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The governmental use of the blockchain will shape our digital identity

To be honest, I hate the word "identity". Now we talk a lot about this, but if someone is telling you that it is building "identity" on a public network, you should do it immediately. Why? Because it's probably the worst thing to do.

The irony of all this is that the more we advance towards the future – with devices, IoT, blockchain technology and hyper-connectivity – more data will be introduced into the ecosystem.

And the more data is introduced into the system, the more we will find companies and, of course, governments, they will want to focus on it. Companies are evaluating how they can exploit your data and governments are considering how they can protect them.

After consulting the OECD, having helped to write the regulations for the Bermuda government, and having helped to inform the standards and policies that were introduced in the G7 and G20, here is what I feel you need to know.

Let's take a step back

There was a lot of discussion about government regulation and supervision in the blockchain space. Because it's fantastic. Because it is not. What will happen to the ICOs. Securitized tokens, utility tokens and Bitcoin ETFs. Again and again.

But the first thing to think about is why Is the government watching this sector to start with? And to truly understand this question, it is necessary to return a little bit to the creation of cooperation between the countries. Again, blockchain connects everyone – this is important.

The OECD (Organization for Economic Cooperation and Development) started immediately after the fall of Nazi Germany. L & # 39; goal. the goal? Ask the leaders of dozens of countries to collaborate and work together to build Europe in the interests of industry, citizens' rights, well-being and government. Since then it has evolved as an organization and now works on the governance of countries around the world.

And here the blockchain comes into play.

Data, decentralization and interconnectivity

Much has changed since the second world war. The hyper-connectivity of our world and the absolutely explosive growth of decentralized technology have forced governments to consider how your "identity" will be affected. This is especially true as it refers to the huge amounts of data that are purchased online every hour. From the history of searches with Google, to the history of purchases with Amazon, your "identity" actually depends on the context of your situation.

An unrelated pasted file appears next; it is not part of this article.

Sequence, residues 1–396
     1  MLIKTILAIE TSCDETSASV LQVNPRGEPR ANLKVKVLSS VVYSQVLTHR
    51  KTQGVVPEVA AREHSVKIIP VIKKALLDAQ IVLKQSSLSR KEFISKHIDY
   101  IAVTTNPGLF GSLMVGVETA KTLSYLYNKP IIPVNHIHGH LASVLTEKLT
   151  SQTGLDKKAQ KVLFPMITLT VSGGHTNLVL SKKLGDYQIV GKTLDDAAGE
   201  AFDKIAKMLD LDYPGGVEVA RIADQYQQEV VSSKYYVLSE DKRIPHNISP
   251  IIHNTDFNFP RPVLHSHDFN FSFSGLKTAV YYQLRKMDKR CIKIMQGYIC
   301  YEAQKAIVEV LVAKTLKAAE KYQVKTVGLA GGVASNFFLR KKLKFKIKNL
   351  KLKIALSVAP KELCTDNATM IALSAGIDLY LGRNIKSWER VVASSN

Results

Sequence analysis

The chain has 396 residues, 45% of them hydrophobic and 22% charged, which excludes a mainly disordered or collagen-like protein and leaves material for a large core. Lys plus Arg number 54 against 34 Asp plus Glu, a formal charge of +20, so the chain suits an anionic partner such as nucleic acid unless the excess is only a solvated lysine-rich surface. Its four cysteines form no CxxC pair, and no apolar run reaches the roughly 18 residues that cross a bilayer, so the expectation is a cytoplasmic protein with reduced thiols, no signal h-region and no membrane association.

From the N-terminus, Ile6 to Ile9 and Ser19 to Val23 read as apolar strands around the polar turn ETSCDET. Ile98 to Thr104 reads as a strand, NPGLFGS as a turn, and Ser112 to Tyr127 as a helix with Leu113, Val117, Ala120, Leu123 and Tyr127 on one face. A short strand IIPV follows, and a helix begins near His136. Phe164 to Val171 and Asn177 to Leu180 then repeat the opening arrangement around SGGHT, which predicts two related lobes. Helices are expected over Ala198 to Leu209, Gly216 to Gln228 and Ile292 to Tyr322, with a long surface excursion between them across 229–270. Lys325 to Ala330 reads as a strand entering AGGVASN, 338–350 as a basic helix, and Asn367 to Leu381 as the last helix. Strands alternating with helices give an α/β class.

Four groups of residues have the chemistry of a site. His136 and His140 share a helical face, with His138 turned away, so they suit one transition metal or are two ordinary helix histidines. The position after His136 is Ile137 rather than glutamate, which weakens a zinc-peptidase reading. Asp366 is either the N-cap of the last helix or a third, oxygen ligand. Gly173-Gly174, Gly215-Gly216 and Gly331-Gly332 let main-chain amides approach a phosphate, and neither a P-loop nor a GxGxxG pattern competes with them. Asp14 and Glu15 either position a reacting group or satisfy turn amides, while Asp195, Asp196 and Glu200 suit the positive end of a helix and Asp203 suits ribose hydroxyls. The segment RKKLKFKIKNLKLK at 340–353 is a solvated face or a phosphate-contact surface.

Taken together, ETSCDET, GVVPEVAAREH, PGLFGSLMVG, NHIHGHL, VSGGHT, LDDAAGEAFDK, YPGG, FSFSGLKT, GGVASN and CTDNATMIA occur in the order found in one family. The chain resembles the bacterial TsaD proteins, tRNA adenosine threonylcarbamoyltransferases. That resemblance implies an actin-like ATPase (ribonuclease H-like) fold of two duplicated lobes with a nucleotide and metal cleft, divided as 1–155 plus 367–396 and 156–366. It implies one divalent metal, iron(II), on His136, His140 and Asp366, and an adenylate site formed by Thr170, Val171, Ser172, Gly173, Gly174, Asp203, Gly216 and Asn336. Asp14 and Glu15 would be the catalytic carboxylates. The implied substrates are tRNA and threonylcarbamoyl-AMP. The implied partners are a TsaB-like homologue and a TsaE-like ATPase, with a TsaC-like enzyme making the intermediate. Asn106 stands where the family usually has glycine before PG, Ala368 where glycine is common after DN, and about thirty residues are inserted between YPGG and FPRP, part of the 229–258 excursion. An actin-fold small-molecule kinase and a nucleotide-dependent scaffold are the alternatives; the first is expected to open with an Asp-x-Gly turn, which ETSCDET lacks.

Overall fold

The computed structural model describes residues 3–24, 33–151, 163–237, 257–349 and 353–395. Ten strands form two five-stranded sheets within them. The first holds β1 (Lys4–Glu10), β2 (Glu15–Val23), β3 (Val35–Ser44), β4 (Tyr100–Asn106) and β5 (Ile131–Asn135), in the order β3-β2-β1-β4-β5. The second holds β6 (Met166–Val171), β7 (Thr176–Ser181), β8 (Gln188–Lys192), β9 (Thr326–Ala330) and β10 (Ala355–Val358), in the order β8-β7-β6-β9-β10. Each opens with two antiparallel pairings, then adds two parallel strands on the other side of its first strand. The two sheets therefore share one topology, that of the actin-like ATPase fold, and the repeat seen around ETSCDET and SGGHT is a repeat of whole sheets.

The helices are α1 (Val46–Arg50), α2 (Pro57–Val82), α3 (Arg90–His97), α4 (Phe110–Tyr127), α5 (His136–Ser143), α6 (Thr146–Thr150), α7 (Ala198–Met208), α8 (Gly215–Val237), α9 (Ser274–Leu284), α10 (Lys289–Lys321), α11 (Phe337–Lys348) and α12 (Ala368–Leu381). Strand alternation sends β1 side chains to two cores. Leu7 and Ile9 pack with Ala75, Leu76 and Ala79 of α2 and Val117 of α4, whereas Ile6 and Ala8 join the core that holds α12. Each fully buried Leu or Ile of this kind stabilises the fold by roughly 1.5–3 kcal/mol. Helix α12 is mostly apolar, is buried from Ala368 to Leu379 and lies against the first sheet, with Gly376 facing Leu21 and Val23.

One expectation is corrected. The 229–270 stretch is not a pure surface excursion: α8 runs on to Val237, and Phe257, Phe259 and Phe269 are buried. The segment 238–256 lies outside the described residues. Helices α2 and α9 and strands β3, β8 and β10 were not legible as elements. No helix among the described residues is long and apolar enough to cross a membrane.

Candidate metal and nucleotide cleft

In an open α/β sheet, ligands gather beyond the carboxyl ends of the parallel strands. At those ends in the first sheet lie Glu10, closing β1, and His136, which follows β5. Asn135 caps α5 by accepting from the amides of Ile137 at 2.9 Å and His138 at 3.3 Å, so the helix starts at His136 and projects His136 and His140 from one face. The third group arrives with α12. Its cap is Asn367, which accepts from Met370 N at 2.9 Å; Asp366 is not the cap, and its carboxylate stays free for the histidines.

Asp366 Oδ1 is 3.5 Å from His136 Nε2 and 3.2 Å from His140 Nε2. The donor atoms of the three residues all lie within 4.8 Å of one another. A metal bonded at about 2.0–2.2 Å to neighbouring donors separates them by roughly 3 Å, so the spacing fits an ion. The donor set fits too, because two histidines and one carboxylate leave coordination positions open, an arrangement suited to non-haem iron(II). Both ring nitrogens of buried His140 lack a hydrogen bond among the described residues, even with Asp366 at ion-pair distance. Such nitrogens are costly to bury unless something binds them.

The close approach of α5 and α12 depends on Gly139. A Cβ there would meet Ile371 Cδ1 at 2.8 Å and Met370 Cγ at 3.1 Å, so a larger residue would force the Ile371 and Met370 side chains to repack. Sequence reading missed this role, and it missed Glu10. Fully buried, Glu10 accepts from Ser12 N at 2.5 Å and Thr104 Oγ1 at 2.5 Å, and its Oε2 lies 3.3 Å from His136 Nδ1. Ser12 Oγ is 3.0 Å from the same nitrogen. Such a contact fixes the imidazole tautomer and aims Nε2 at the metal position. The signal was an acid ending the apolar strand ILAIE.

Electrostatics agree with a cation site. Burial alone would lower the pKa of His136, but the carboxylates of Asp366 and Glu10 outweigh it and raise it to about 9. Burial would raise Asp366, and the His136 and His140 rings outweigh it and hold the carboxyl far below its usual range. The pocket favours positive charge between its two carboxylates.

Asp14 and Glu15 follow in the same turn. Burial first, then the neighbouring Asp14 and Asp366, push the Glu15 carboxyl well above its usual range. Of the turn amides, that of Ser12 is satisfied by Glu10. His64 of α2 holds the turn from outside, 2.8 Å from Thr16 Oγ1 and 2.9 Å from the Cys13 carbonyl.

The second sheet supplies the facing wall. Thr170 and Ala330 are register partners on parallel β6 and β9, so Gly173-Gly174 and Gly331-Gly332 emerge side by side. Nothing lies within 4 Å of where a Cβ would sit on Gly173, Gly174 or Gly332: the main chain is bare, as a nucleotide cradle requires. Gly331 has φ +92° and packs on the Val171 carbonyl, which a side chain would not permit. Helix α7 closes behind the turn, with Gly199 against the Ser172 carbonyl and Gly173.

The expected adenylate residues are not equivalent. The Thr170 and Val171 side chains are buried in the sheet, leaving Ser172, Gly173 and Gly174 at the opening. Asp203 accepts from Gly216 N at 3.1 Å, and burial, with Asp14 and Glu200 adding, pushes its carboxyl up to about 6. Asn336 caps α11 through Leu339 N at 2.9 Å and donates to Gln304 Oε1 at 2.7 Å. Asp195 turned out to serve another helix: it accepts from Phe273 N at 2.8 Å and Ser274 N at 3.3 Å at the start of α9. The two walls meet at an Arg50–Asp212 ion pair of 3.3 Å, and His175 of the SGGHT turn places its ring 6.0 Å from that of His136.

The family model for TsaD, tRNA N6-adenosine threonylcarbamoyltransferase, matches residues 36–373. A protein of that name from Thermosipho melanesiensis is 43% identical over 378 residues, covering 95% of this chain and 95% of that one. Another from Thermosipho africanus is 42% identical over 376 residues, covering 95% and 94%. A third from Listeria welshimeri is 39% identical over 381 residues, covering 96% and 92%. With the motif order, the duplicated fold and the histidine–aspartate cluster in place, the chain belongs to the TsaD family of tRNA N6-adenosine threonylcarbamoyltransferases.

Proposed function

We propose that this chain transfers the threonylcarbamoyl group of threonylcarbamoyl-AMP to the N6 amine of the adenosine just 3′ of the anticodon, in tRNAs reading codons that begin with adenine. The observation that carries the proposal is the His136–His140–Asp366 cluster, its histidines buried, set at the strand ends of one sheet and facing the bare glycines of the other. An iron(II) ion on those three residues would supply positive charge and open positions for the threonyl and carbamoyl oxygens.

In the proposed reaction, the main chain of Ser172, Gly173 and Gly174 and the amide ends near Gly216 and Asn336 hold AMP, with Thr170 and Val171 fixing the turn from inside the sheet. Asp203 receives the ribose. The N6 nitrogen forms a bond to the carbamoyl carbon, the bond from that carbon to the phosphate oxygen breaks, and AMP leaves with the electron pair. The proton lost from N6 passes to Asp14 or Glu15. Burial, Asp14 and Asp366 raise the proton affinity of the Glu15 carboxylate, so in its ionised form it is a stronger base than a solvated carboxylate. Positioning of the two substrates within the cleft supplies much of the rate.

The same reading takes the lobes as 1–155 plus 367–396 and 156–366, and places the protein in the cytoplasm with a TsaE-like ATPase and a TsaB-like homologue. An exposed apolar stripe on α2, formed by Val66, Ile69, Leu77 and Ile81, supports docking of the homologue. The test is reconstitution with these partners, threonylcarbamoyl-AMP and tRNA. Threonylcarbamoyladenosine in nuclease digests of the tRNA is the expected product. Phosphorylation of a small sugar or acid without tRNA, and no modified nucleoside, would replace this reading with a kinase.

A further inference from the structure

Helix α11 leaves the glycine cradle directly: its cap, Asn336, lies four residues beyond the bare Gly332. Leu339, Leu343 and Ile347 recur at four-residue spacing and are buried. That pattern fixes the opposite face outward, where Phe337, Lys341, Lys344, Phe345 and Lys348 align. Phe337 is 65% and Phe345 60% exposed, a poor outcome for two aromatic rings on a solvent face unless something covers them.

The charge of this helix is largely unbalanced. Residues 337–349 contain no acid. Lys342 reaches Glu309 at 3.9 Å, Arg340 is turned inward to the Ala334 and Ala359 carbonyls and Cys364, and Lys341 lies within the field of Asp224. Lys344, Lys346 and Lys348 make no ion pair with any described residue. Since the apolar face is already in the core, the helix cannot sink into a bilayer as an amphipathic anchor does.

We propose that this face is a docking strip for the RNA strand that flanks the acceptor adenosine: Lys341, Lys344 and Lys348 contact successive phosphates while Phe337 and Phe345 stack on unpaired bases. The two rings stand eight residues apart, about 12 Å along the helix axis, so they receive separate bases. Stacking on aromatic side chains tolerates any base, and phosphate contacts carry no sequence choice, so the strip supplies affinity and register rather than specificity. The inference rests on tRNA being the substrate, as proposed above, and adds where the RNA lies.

So how should companies be able to exploit this data? What about governments in other jurisdictions? How does a government protect your data (let's not call it identity) from being hacked? Will each country act differently? And if so, how does it make sense when there are no borders on the internet, without borders on blockchain?

We just need to give a quick look examples like Facebook Scandal of Cambridge Analytica which started in the UK and ended up influencing millions of users worldwide or Google+ 500,000 accounts hacked to understand that, even if you might not like it, the data is precious, and will become even more as we go along.

It now becomes a balancing act of managing all three interests: industry, citizens and government is ensure that frameworks are used in multiple countries.

Here's where it's going

One of the aspects that everyone is interested in space is the perspective that, if excessive regulation is put in place, innovation will be brought to light. It is a misunderstanding that many people have but it was something that was repeatedly brought to the table for discussion.

Nobody wants to slow down innovation. But at the same time, governments are very interested in protecting their citizens and ensuring that there is consistency in the way the industries are managed.

By collaborating with the core blocking companies, the OECD has helped bring education to banks, governments and other regulatory bodies. Conferences like This for example, it had over 900 participants, all looking for insights, training and collaboration on how to move forward.

After dozens of meetings and discussions with different stakeholders, here's how I think it can affect you:

  • By the end of next year, they expect 13 to 15 countries to emerge with almost universal legislation. Legislation that offers clarity and comfort to understand how companies in the sector can innovate in space and how these technologies will be integrated into the real world. The legislation here has a high probability of being used by other countries going forward.
  • The future of your digital "identity" will be shaped by the regulation on blockchains "without permission" and "authorized". Without authorization, ie fully open and authorized access blockchains, or closed blockchains requiring authorization. Regulatory and more companies will change both of these directions and will shape the way in which data can be used and consulted on each of them. For example, you do not want your passport information to be on a blockchain without authorization, but your social data may be fine. And the tests are all you need. I just have to prove that I'm trustworthy and trustworthy – you do not really need my "identity".
  • We will see intergovernmental services that use the digital ID to improve services, connect departments and share information. Bermuda, being the first of which, should also be alive next year.

The first successes and failures will naturally emerge and will continue to shape your digital identity and how the balance between industry, citizens and government will develop. The first success? Get rid of this concept of "identity". I hate the word.

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